Skip to content
Archive of entries posted on March 2009

Will the Minnesota Courts “Report” to the Senate on the Coleman/Franken Election?

        Eric Black at MinnPost (hat tip, Rick Hasen’s Election Law Blog) suggests that the three-judge panel hearing the Coleman/Franken election contest might, after resolving the question of which candidate received the greater number of lawful votes, file a separate report with the Senate on Coleman’s contention regarding the use of different standards for counting [...]

Unintentionally Revealing Quote of the Day

The first line in an article from The Hill on the Citizens United case: “The Supreme Court on Tuesday heard arguments in a case that could further erode the government’s control over electioneering communications in the days leading up to elections.”  First they came for the government’s right to ban advertisements critical of Members of [...]

AIG Executives, Dodd Donations and the Connecticut Legislative Hearing

          What do Joseph Rooney, Chris Phole, Steven Pike, Greg Ruffa, Leonid Shekhtman, Christian Todd, Joseph Cassano, Steven Wagar, Doug Poling, and Jonathan Liebergall have in common?  Well, first, they are all AIG executives who received bonuses that are now the subject of more or less universal outrage.  Second, they have all been subpoenaed to [...]

Whats Blumenthal Got To Do With It?

         According to a press release yesterday entitled “Bank Committee Chairs, Attorney General Issue Subpoenas for A.I.G. Employees”:  “State Senator Bob Duff (D-Norwalk) and Representative Ryan Barry (D-Manchester), co-chairs of the General Assembly’s Banks Committee, with Attorney General Richard Blumenthal today issued subpoenas commanding several A.I.G. employees, including CEO Edward M. Liddy, to appear at [...]

The Constitutionality of the ELECT Act

             As an alternative to the constitutional amendment proposed by Senator Feingold (which would eliminate temporary appointment of Senators to fill vacancies), Congressman Aaron Schock of Illinois has proposed H.R. 899, the Ethical and Legal Elections for Congressional Transitions (or ELECT Act), which would require that special elections to fill senatorial vacancies be held within [...]

Obama’s First Signing Statement and the Grassley Rider

President Obama has issued his first signing statement with regard to the Omnibus Appropriations Act for FY2009.  Professor Eric Posner, at the Volokh Conspiracy, observes that Obama’s signing statement contains many of the “same old Reagan/Bush/Clinton/Bush theories” about executive power and prerogatives.  Professor Peter Strauss, on the other hand, responds that Obama’s signing statement was [...]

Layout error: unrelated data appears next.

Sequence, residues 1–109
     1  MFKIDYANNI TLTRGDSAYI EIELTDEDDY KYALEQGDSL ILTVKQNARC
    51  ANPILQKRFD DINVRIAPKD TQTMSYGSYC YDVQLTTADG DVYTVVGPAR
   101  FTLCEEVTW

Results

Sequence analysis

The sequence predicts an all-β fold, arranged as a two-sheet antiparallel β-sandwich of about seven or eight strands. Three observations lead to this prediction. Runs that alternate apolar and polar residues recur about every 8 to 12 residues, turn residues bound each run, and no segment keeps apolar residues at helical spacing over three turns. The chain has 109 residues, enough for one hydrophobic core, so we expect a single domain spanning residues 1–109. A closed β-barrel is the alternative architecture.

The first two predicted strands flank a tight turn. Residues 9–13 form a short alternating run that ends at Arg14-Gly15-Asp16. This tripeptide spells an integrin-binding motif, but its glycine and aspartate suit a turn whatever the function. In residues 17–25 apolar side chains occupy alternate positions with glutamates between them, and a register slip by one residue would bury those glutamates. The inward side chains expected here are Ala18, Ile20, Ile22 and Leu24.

Federal Prosecutors Push Boundaries of Illegal Gratuities Statute

 Justice Scalia’s opinion for a unanimous Court in U.S. v. Sun-Diamond Growers, 526 U.S. 398 (1999), begins dryly with the observation: “Talmudic sages believed that judges who accepted bribes would be punished by eventually losing all knowledge of the divine law.  The Federal Government, dealing with many public officials who are not judges, and with [...]

Minnesota Supreme Court Rebuffs Franken

            The Minnesota Supreme Court has rejected Al Franken’s petition to direct the Governor and Secretary of State to issue an election certificate prior to resolution of the election contest for U.S. Senate.  First, the court found that “[t]he plain language of [the Minnesota statute] provides that no election certificate can be issued in this [...]

Renzi Making Progress on Speech or Debate?

              The Renzi case involves, broadly speaking, three distinct types of Speech or Debate issues.  The first involves the question of whether the government violated the Speech or Debate Clause when it wiretapped Renzi’s cell phone.  The Magistrate appears to have largely rejected that theory in an order issued several weeks ago.              The [...]

Burris’s Options if a Special Election is Called

                       Senator Burris, through his attorney, has indicated that he believes it would be illegal for the Illinois legislature to change the date of the special election to fill the remainder of the Senate term.  It is also apparent that he is willing to mount a vigorous legal challenge.               If Illinois enacts a [...]